How To Drive Away Pests Of Peppermint

Peppermint plants are quite hardy. Even a major pest infestation they cope well. However, you certainly want to enjoy your tea or salad without flesh infestation. Therefore, you should regularly inspect your peppermint for pests.

Pfefferminze Schädlinge

The most common pests

  • Mint leaf beetle
  • Aphids
  • Black spotted cicadas
  • Green shield beetle
  • Ground fleas
  • Mint leaf beetle

These beetles are not so easy to spot because they are almost exactly as green as the mint leaves. They cause damage by eating holes in the leaves. A mint leaf beetle infestation is not all that bad, because the pretty beetles don’t do that much damage – if there aren’t too many of them.

When is the best time to cut peppermint?
Since you certainly do not want to find the bugs in the tea, just collect them by hand. Clean the crop thoroughly before you process it. If the infestation is very severe, cut off all affected shoots.

As with almost all plants, aphids often appear on peppermint.

For light infestations, remove the aphids by hand or rinse them from the leaves with a sharp stream of water. For stubborn infestations, nettle manure, tobacco broth or soapy water will help.

Black spot cicadas
You can recognize an infestation when the leaves become thin and appear to wilt, because the cicadas suck out the leaf sap.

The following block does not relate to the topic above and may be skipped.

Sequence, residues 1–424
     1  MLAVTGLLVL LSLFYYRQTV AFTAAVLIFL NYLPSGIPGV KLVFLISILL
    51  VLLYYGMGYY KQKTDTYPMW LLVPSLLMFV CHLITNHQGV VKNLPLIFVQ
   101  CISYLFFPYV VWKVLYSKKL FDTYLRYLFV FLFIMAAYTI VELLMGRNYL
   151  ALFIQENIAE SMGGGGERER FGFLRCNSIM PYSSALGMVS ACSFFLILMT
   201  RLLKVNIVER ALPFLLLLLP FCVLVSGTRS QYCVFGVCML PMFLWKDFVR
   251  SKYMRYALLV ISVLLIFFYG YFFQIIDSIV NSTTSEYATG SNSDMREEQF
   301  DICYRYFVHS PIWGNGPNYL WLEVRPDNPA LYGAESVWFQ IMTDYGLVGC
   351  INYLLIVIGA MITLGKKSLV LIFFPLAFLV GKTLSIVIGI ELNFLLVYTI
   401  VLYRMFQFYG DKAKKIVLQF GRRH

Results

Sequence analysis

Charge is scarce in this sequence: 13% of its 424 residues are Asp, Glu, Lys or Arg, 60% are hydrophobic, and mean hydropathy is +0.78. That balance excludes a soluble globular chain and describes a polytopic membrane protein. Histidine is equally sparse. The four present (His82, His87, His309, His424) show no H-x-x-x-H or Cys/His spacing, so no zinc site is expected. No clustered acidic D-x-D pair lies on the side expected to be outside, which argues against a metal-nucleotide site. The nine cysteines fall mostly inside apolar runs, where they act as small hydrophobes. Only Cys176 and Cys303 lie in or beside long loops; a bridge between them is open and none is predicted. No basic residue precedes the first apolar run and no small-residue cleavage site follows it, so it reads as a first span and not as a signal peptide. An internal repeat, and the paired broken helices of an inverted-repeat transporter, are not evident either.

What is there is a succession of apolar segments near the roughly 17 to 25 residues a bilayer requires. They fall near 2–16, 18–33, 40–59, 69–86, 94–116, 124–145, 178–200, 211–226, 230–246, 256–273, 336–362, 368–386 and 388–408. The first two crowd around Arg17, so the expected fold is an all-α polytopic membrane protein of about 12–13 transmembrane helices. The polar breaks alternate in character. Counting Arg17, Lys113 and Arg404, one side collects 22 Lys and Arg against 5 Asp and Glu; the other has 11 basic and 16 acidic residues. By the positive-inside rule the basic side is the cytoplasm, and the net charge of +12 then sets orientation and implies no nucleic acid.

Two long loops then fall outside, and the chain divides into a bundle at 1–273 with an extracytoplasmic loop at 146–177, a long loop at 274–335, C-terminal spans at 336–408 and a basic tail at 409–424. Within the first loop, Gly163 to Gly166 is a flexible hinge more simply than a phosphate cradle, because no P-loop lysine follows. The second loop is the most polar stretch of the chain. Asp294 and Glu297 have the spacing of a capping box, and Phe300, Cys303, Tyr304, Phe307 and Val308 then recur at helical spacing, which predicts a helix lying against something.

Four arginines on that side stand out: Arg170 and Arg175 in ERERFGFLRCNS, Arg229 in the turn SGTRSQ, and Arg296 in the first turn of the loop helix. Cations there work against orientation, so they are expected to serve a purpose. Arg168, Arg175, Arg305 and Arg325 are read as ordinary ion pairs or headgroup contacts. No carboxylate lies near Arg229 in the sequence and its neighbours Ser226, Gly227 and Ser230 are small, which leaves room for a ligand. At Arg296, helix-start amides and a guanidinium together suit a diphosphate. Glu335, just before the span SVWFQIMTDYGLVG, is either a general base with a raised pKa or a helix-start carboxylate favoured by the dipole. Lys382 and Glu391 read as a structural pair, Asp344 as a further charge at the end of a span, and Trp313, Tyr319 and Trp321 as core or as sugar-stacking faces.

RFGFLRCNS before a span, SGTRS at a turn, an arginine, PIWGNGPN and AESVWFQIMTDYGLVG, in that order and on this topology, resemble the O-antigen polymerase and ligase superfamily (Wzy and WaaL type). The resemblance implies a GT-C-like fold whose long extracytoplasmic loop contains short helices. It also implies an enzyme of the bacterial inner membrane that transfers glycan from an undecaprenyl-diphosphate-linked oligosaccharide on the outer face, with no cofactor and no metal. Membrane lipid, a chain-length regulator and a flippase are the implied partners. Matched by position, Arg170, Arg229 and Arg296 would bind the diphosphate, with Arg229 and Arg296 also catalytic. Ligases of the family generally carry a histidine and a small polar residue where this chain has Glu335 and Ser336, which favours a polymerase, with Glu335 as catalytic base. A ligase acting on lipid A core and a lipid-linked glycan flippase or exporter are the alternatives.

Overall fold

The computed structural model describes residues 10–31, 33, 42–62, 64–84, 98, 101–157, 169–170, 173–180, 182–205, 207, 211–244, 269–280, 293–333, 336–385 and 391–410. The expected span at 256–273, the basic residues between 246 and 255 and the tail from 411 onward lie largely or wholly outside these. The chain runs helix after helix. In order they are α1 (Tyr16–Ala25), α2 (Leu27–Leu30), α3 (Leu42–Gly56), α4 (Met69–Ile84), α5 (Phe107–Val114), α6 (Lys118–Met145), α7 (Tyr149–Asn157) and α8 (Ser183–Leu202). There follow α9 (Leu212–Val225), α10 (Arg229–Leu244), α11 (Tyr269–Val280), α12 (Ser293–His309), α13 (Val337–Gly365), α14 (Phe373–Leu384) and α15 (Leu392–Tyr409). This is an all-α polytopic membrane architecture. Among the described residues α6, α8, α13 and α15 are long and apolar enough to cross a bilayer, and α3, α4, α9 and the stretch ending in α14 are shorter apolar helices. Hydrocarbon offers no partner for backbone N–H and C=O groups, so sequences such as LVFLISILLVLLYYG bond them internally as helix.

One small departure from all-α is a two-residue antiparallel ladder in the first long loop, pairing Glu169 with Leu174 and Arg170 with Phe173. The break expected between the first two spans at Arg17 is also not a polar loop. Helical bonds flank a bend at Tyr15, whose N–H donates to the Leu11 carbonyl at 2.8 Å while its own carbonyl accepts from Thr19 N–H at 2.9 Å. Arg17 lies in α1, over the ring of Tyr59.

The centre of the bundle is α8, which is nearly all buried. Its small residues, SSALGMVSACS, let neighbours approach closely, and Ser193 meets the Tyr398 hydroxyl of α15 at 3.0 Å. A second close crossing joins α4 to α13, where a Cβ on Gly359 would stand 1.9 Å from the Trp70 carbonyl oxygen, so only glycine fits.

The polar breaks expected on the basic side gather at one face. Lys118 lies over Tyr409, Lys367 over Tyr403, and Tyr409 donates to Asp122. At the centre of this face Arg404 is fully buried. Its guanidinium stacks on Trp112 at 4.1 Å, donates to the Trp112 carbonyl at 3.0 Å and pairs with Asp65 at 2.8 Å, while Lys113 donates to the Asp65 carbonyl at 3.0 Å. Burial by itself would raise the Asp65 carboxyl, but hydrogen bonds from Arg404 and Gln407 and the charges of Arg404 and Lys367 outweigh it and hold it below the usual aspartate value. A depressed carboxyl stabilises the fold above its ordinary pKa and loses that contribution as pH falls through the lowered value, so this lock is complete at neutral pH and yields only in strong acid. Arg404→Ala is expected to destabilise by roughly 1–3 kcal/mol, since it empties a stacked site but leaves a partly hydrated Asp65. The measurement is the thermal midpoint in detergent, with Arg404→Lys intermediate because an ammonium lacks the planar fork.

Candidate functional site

Picking them off usually does little good. Cut off infested shoots. In the fall, remove the entire plant and plant new peppermint elsewhere.

Green shield beetle
It lays its eggs in the leaves of peppermint. Larvae and beetles eat large holes in the leaves. It is best to collect the beetles in the morning. Then they are still clammy and not so mobile.

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Earth fleas
The little beetles stay mainly on the ground under the plants. You will notice the infestation because the peppermint leaves have small holes. Hoe the soil regularly. This will drive the beetles away.

Tips & Tricks
If you can’t get the pest infestation under control, consider pulling out the peppermint and growing new plants. This definitely makes more sense than using chemicals to control pests.


  • James Jones

    Meet James Jones, a passionate gardening writer whose words bloom with the wisdom of an experienced horticulturist. With a deep-rooted love for all things green, James has dedicated his life to sharing the art and science of gardening with the world. James's words have found their way into countless publications, and his gardening insights have inspired a new generation of green thumbs. His commitment to sustainability and environmental stewardship shines through in every article he crafts.

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